Gaming with the PlayStation Gold Wireless Headset
Gaming with the PlayStation Gold Wireless Headset is actually pretty nice — at least on PlayStation 4. The headset offers 7.1 virtual surround sound, without the need for added software; it’s just a button on the left headphone. There is an optional app, but you’re not missing much by ignoring it.
Fortnite and Star Wars Jedi: Fallen Order were great tests of how well the surround sound works, as they use it in very different ways. In Fortnite, sounds like footsteps and gunfire sounded like they were coming every which way. Fallen Order used surround sound to really amp up the ambient sounds to create more immersive audio — the insect sounds and animal yelps of Bogano really envelop you as you run around the world. Being able to toggle between stereo and 7.1 on the fly really made it easy to notice the difference.
The experience on PC is considerably worse. Surround sound isn’t supported on the platform, so you’re stuck with stereo, and volume control gets pretty weird. When you plug the PlayStation Gold Wireless Headset into a PC, the computer-side volume control doesn’t work. The only thing that will raise or lower the volume of the headset is the rocker on the left headphone. The actual gaming experience on PC is fine, but the volume issue certainly puts a damper on things.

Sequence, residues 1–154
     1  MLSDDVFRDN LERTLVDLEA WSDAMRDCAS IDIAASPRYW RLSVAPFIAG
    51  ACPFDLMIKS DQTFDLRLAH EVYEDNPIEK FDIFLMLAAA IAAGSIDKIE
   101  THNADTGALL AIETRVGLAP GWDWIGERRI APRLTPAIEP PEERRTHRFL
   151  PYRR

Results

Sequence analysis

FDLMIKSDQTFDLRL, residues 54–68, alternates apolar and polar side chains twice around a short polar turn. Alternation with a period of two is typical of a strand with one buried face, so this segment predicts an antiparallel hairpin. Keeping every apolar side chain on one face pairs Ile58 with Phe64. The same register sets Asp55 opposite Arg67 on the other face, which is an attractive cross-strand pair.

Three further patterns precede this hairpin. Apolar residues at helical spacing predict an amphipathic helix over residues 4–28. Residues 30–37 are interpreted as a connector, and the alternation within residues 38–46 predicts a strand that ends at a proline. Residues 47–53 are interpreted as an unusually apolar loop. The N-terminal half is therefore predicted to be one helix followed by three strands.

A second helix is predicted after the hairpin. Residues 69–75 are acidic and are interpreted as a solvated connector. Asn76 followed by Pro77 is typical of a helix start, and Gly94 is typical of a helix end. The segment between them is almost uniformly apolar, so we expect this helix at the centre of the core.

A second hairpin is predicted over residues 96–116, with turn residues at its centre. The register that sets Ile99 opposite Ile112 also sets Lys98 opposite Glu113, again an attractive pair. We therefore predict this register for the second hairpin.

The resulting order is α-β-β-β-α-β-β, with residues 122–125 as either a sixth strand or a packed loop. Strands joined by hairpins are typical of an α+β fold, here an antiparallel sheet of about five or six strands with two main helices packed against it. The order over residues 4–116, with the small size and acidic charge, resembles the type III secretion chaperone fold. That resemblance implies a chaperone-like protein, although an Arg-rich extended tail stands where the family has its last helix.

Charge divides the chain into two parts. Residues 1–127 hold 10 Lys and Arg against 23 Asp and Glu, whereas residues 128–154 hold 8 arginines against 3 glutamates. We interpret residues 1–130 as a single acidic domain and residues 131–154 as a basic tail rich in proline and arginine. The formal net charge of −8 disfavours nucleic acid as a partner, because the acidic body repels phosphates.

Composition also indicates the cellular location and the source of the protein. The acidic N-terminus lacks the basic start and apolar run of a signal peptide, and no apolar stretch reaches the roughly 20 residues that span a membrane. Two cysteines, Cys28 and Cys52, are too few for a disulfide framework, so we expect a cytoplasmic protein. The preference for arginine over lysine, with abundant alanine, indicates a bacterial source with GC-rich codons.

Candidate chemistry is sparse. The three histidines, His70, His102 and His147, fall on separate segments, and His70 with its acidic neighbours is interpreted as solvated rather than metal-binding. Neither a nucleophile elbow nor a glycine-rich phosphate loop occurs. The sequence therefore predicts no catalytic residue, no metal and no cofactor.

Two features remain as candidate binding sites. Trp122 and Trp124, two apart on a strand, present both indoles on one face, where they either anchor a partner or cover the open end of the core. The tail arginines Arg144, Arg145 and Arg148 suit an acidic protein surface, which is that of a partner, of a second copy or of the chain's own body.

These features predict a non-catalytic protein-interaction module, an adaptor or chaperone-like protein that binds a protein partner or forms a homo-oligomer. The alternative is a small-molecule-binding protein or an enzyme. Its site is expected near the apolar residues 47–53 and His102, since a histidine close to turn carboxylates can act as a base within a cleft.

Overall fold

How does the PlayStation Gold Wireless Headset sound?
All told, the PlayStation Gold Wireless Headset has pretty decent audio for a gaming headset. Bass notes are quieter than they’re meant to sound but this makes it easier to perceive more nuanced sounds like environmental noise, and even chatting teammates. Midrange frequencies are gently boosted, again, to make the aforementioned sounds standout. In music, the significant de-emphasis in the very low bass range means some sounds, many of which are most common in EDM, might be a little bit harder to hear than they otherwise should. Likewise, the de-emphasis in the highs might make the sounds of some strings and cymbals a little bit harder to hear, but nothing too major. If you want a detailed breakdown of the frequency response, checkout the full PlayStation Gold Wireless Headset review.